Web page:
THE BLOG

Pakistan Government Receives Billions of UK Aid but Fails To Stem 1,000 Deaths From Heatwave

26/06/2015 17:43 BST | Updated 26/06/2016 10:59 BST

There has been a shocking death-toll in Karachi and southern Pakistan this week as a heat-wave has taken the lives of over 1,000 people.

If this happened in the UK there would be a national outrage but in Pakistan there is something of a twisted inevitability to this kind of disaster which is becoming almost an annual occurrence in recent times.

Admittedly this is far worse than previous years but it can hardly be a great surprise to anyone that the summer in Pakistan gets hot and the government should prepare for the worst.

However, just like the train companies in the UK who are never prepared for the first cold snap of winter, the regional Pakistani government have done little or nothing to get ready for the pre-monsoon heatwave. The difference being that in the UK there are just inconvenienced commuters struggling to get to work on time - in Pakistan over a thousand people have died.

Inadequate Water and Power Supply For The Poorest Communities

The reason for this horrendous death toll is down to the inability of the local Sindh government and the water and power supply companies to provide enough electricity and clean water to the poorest communities.

As the temperatures in Sindh province in southern Pakistan hit 47C the dead toll rose to 500 by Tuesday and is now well over 1,000, and in the vast majority of cases it's the poor that have died. If this had happened in the UK the Met Office would have issued red alert warnings but in Pakistan nothing was done to warn the populace of the impending danger. The morgues are now overflowing and the hospitals are overrun with over 8,000 patients of all ages suffering from heat-stroke, and yet despite the widespread scenes of chaos, the central government in Pakistan refused to help when Sindh political leaders asked for support, stating that it is not their problem or fault and that entire responsibility rests on the provisional government.

Both the centre right Pakistan Muslim League (central government) and the socialist Pakistan Peoples Party (Singh govt) have been accused of high levels of corruption and have shared power in turns. However when the time comes to share responsibility for their bad or non governance, both throw the blame on the other.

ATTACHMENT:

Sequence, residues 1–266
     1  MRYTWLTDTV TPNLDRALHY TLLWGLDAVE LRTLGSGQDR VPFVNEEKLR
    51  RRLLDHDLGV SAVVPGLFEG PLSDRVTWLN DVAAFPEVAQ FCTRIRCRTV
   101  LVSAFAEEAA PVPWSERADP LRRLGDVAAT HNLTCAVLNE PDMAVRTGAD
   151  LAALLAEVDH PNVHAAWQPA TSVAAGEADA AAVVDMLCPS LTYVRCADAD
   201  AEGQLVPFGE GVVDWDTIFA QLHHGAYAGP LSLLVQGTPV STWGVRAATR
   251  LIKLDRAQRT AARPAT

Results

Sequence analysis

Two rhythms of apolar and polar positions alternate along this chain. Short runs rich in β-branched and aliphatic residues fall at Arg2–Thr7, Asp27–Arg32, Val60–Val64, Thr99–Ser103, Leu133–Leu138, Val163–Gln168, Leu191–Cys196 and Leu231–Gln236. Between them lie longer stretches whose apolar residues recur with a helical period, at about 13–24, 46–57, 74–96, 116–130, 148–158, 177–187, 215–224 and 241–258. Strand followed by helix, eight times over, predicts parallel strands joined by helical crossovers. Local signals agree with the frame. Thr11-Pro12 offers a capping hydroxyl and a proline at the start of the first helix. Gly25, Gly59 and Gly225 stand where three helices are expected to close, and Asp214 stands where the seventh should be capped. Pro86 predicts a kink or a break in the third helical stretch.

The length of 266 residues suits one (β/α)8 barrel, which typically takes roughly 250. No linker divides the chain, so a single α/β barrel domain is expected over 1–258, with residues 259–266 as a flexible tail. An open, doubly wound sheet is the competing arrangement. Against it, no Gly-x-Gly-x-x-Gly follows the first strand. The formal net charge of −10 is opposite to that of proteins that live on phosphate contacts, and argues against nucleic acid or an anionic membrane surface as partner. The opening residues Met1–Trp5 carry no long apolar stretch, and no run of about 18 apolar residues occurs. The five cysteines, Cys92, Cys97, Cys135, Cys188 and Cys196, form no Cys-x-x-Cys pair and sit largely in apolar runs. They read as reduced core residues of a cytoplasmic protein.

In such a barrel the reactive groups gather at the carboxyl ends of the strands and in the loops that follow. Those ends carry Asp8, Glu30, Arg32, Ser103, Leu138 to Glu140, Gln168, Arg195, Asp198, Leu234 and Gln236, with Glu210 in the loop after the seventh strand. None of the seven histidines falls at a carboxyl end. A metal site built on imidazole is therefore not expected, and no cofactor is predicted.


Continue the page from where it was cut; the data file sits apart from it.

The most pressing problem is the frequent power outages in the city of Karachi from an electricity grid which is unable to keep up with the demand of a city with a population of 16 million. Power cuts are a common occurrence in Pakistan but when they happen during a heatwave there are deadly consequences. Little has been done to improve the electricity provision by the Sindh government which has been accused or rampant corruption in recent years, even the military leaders in the army have denounced the Sindh regional government as the most corrupt in the country.

Water-shortages are also rife and contaminated water in the province has contributed to a rise in diseases including diarrhoea, cholera, gastroenteritis, typhoid and hepatitis. There isn't even enough water to bury the dead and the graveyards have bodies piling up.

These problems are only set to get worse in years to come. Heatwaves have become much more common in the past 10 years - hundreds died in 2013, and 2010 when temperatures reached 53.5C (128.3F) in Mohenjo-daro in Sindh, the hottest temperature ever recorded in Asia. Also the monsoon flooding that follows the heatwave is also getting more extreme, with record floods in 2011, 2012, and 2014.

Pakistan has received £1.17bn in UK support in the past four years making it one of the largest recipients of bilateral aid, but last year a House of Commons committee questioned the allocation of large sums of money to a state "that has failed to adequately mobilise the substantial resources of the country to help its poor."

This current outrage is just more evidence of this fact and if adequate steps are not taken by the Pakistani government to use British money to assist those who need it most then perhaps the aid should be cut.

Sayed Bukhari is the CEO of HPM Developments in London